Spot Metering is typically used in high contrast situations.   This type of meter concentrates all of its sensitivity on a central spot for precise metering.  For example lets say you attended a concert where the performer is brightly lit but the rest of the stage is dark.  Using Matrix metering would probably result in the wrong exposure because it evaluates multiple areas of the scene and would most likely result in a dark image.   You would use spot metering because you would just want to meter the brightly lit performer to insure he or she was exposed correctly.  Spot metering could also be used for backlit situations where you would be taking a photo of someone with their back to the sun and their face in the shade, you would just meter their face with the central spot.

Center Weighted Metering would be used for scenes that are fairly even in brightness. This type of metering would concentrate most of its sensitivity on the central to bottom portion of the scene, but would not be anywhere near as concentrated as the spot metering mode.  It could also come in handy for sunsets where you would want to create silhouettes of a pier or a boat on the water.  Most film SLR’s used this type of metering years ago.

Please go out and experiment with the different modes of metering on your camera to become familiar with their characteristics.  Put your camera in aperture priority automatic and use the same aperture but take three photos of the same scene (for consistency).  Use Evaluative metering for one shot, Spot metering for the next and Center Weighted metering for the final shot.  When you upload your images to the computer see if you can tell the difference between the three images and why each one is different.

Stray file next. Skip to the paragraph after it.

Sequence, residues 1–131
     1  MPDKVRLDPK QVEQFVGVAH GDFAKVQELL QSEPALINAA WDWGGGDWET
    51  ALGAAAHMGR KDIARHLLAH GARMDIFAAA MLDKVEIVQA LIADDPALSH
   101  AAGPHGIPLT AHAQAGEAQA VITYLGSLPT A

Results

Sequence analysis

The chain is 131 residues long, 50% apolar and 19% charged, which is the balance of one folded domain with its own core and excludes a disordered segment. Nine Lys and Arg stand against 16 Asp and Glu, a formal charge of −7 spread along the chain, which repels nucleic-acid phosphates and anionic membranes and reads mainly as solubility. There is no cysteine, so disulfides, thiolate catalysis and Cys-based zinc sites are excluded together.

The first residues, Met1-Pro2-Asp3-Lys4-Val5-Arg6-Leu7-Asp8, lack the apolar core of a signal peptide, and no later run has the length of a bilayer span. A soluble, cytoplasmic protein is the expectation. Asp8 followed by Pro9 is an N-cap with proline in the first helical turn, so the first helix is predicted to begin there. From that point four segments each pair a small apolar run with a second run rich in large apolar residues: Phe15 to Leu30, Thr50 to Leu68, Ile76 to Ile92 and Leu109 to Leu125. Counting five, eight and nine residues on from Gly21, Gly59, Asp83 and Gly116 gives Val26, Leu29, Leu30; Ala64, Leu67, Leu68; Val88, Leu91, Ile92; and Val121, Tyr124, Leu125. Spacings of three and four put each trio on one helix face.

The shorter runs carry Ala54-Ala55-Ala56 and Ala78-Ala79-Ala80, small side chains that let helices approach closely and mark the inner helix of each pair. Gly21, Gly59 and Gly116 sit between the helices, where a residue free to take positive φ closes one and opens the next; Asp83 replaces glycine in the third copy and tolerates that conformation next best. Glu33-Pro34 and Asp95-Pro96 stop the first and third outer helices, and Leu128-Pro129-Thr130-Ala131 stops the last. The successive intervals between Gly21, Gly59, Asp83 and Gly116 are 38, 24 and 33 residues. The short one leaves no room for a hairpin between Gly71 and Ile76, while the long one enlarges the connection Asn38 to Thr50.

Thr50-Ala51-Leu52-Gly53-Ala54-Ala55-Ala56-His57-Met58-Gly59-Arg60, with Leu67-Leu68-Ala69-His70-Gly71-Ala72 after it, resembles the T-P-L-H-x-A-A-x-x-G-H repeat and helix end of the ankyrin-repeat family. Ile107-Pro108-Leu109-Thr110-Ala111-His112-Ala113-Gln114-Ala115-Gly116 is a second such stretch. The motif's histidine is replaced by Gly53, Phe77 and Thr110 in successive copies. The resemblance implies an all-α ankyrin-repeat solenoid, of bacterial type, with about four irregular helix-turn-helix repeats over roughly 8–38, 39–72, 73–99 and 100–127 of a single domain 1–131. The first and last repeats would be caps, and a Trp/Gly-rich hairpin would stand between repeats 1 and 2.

You don’t waste time by experimenting you gain a better idea of what is happening and why.   We are talking digital so there is no need to think you are wasting film.


I think an explanation of sensitivity is in order by now (don’t worry guys I’m not going to get all emotional on you now).  Sensitivity is expressed in ISO and it is adjustable on all cameras.  Years ago in the film days this sensitivity was expressed in ASA and in later years ISO.  The lower the sensitivity on the film was, the less reactive to light it was.  Kodak made a film named Panatomic-X and this film had a ASA of 25.  They also made a named Plus-X which was 100 ASA (this film was 4 times as sensitive to light as the Panatomic-X was).  Kodak also made a film named Tri-X which was 400 ASA (or again 4 times as sensitive to light as Plus-X).  As the speed of the film increased so did the size film grain.